The current monkeypox outbreak in Europe, according to the European Medicines Agency (EMA), is “not a public health emergency” at this time.
The danger of the general public contracting the disease is minimal, according to Marco Cavaleri, the EMA’s director of biological health threats and vaccines strategy, and no significant rise in cases is expected, even if an increase in instances is predicted.
“The focus should remain on the identification, monitoring and management of new cases (of monkeypox),” Xinhua quoted Cavaleri as saying.
Cavaleri said the monkeypox outbreak is “unusual, including the large geographical spread,” but “most patients had mild symptoms and recovered without needing treatments.”
The EMA is acting out of precaution to ensure options for prevention and treatment if needed, he said.
On Wednesday, the head of the World Health Organization (WHO) said thirty non-endemic countries have reported more than 550 confirmed cases of monkeypox.
“Investigations are ongoing, but the sudden appearance of monkeypox in many countries at the same time suggests there may have been undetected transmission for some time,” Tedros Adhanom Ghebreyesus told journalists at WHO’s Geneva headquarters.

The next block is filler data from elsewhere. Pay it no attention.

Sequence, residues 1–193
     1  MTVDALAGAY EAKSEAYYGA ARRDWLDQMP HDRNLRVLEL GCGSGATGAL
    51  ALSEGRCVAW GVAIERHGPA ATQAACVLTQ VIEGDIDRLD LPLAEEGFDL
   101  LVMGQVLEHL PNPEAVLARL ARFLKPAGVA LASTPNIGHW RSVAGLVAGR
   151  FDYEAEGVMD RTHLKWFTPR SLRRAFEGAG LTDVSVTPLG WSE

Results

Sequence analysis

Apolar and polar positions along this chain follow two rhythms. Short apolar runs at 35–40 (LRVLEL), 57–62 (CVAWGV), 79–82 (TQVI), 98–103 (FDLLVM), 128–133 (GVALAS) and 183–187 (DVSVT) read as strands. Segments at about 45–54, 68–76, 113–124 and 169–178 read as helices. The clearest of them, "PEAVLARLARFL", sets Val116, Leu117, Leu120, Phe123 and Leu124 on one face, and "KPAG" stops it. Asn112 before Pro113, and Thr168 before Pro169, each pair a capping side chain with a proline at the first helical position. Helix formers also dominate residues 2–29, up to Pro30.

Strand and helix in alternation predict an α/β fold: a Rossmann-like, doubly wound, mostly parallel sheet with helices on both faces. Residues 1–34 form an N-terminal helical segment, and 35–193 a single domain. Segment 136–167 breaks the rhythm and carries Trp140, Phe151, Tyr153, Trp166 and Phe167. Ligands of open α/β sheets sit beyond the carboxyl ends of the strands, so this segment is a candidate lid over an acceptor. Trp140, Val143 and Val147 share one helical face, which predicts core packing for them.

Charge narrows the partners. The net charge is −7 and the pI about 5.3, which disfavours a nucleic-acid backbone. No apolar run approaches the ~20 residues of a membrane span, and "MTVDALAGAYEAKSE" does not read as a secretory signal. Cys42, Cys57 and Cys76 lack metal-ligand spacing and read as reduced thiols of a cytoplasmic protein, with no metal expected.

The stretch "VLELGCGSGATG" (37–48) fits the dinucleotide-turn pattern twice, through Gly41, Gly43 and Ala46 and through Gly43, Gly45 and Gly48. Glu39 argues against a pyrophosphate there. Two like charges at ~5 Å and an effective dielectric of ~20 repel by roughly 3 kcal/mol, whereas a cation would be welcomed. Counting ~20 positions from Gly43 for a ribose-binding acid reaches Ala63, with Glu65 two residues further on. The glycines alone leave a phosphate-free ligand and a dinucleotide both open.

With most reported cases having been among sexual encounters between men, those communities are working to inform their members of risks and preventative action that can be taken.
“But all of us must work hard to fight stigma, which is not just wrong, it could also prevent infected individuals from seeking care, making it harder to stop transmission,” warned the WHO chief, urging affected countries to widen their surveillance to the broader community.
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